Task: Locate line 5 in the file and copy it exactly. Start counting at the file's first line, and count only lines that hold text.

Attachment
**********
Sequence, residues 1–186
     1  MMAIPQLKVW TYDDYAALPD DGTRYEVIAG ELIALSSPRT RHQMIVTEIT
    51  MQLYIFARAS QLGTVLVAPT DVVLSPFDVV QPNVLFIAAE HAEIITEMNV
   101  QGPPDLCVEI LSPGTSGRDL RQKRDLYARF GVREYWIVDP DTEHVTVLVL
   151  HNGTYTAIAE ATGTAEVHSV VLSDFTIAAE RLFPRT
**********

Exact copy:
   151  HNGTYTAIAE ATGTAEVHSV VLSDFTIAAE RLFPRT